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Home / US / The National School Walkout on April 20 was the brainchild of this 16-year-old: NPR

The National School Walkout on April 20 was the brainchild of this 16-year-old: NPR



Lane Murdock, a high school student, says she felt deaf after the shootings in Parkland, Florida, and knew that it was time for her to change.

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Lane Murdock, a high school student, says she felt deaf after the shootings in Parkland, Florida, and knew that it was time for her to change things.

Christian Carter / WSHU

When Lane Murdock, a sophomore sophomore, learned that 17 high school students and educators were killed in a shootout in Parkland, Florida, she says she is deaf.

For her and so many other shootings can all too often feel in the US

"At the time I was in high school, we had the Pulse, Las Vegas and now, [the Parkland] filming," says Murdock.

The same On February 14, Murdock launched a Change.org petition that has received more than a quarter of a million signatures so far. They ask? A strike against violence in schools, which she planned with the anniversary of the mass shooting at Columbine High School in 1999. Murdock was born in 2002.

On one of the last days of Spring Break, she and seven other students from her high school in Ridgefield, Connecticut, gather around a few tables in her City Rec Center. They worked hard, even lost their sleep and tried to organize themselves for the day. As Murdock says, "Success knows no sleep."

This is by far the biggest event they have ever planned. She and her team have registered more than 2500 disputes across the country through their website. They've created a long to-do list, ranging from a stage for speeches for their local strike to the national press.

Ridgefield High School student organizers in Connecticut made placards for nationwide use School Friday strike against gun violence in schools.

Christian Carter / WSHU


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Ridgefield High School student organizers in Connecticut made posters for the nationwide school strike on Friday to protest gun violence in schools.

Christian Carter / WSHU

"Prioritizing," Murdock tells her team, "we will not be able to get 100 percent of those things, I can guarantee that, but it's important that we get the important things."

Murdock wants the way out to go down in history, but acknowledges that it does not represent each student's perspective. Some surveys show that young people are no more liberal than older generations in gun control.

And other students who regularly use gun violence have said they do not feel in social movements after the shootings in Parkland.

"There is rifle violence that happened every day, which is not a school shooting," says Murdock. She wants the day to be inclusive. On the other hand, she knows that it will be uncomfortable.

"We constantly get hate comments online because we upset people, and we upset people because we scare them and when we're scared. That's because we do something," she says.

She wants people to know that she envisioned this day very differently than the March for our lives or the 17 minute silence on March 14 in honor of the victims in Parkland, Florida. This strike lasts from 10 am until the end of the day.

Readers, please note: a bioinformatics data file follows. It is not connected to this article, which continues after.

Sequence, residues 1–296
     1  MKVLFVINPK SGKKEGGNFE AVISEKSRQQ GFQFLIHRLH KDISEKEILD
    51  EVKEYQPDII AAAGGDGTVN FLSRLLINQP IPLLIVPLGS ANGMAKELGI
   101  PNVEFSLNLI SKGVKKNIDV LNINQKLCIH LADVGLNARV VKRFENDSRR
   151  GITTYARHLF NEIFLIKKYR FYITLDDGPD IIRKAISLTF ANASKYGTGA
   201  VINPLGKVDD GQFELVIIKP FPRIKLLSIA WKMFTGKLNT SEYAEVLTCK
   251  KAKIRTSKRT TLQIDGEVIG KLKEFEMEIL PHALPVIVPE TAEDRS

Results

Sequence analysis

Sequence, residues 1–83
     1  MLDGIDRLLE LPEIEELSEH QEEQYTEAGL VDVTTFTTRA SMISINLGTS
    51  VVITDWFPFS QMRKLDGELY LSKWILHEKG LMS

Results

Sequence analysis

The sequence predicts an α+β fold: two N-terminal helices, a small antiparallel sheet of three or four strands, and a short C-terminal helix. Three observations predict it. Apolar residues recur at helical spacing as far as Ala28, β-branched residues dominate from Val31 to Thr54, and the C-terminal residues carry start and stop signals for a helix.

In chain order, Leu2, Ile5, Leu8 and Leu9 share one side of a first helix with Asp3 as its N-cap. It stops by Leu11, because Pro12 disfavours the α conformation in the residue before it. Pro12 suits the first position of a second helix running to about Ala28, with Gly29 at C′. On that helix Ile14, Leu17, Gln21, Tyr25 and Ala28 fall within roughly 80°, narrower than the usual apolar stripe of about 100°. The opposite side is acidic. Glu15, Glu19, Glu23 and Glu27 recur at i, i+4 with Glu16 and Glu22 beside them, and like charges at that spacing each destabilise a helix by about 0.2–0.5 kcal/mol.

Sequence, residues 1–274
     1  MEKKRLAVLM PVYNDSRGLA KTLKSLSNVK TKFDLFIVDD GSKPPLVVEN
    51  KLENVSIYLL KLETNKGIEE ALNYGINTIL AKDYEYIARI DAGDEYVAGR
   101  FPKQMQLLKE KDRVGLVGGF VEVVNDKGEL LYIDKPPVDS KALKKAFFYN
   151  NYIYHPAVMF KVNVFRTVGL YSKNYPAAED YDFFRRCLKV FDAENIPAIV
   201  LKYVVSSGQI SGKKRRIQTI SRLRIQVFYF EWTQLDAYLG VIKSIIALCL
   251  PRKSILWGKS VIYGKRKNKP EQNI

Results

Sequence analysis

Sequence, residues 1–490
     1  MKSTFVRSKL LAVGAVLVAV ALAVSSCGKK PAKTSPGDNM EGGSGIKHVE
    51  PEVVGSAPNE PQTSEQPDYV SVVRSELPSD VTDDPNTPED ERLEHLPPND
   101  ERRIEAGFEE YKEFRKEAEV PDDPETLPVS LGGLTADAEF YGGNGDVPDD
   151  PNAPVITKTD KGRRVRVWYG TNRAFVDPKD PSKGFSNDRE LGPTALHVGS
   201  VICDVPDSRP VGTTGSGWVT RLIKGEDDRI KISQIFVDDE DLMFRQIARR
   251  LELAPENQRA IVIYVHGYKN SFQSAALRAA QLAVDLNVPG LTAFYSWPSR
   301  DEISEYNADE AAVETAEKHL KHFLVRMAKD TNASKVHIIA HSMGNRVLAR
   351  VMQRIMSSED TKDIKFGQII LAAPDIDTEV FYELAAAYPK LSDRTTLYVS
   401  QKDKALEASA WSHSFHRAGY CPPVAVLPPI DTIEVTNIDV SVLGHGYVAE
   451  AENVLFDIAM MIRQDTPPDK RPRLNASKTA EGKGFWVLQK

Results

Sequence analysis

Lane Murdock (left) and Paul Kim are two of the student organizers for Friday's strike.

Christian Carter / WSHU


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Lane Murdock (left) and Paul Kim are two of the student organizers for Friday's strike.

Christian Carter / WSHU

"People ask me how, why, why all day?" Murdock says. Because "this is an issue that earns more than 17 minutes." Part of the agenda is to bring students together what they call a "call to action" by registering voters or writing to elected representatives, for example, on the need for further arms control.

These student organizers have gotten help from a national non-profit organization called Indivisible, a group that says that it aims to "empower" young people to resist "Trump's agenda." Paul Kim, a senior communications executive in Ridgefield, says Indivisible helped high school organizers map their stakes online.

"I've signed every chapter in Texas," says Kim about all the disputes I've registered. "And those people sent back … I could feel Texas in the email, the accent, everything." The group laughs.

For Murdock, the widespread support she has seen shows that sensible gun control does not have to be partisan.

"She is not conservative or liberal Children are not hurt at school and we do not live in a community and in a country that has institutionalized fear," says Murdock. "I think we're all full, that's why we do it."

She grew up with this fear. Her school had regular lockdown exercises after 26 students and educators were killed in a shootout at Sandy Hook Elementary School when she was in fifth grade. It happened only 20 miles from her classroom.

She says there's a reason she felt desensitized when she heard about Parkland. She and her team of co-organizers in Ridgefield say gun violence in the US is taking too long.

A poster made by students at Ridgefield High School in Connecticut for school attendance.

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A poster by Ridgefield High School students in Connecticut for attending school

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"Change happens through patience and this fight does not end after April 20," says Murdock. "There's going to be a lot of work to do after April 20, and that includes you, and it will involve tons of students across the nation," she says with the group.

At 10 o'clock in local time on Friday, thousands of students from their classes will drive in Orange to ensure gun safety and to sing for change.


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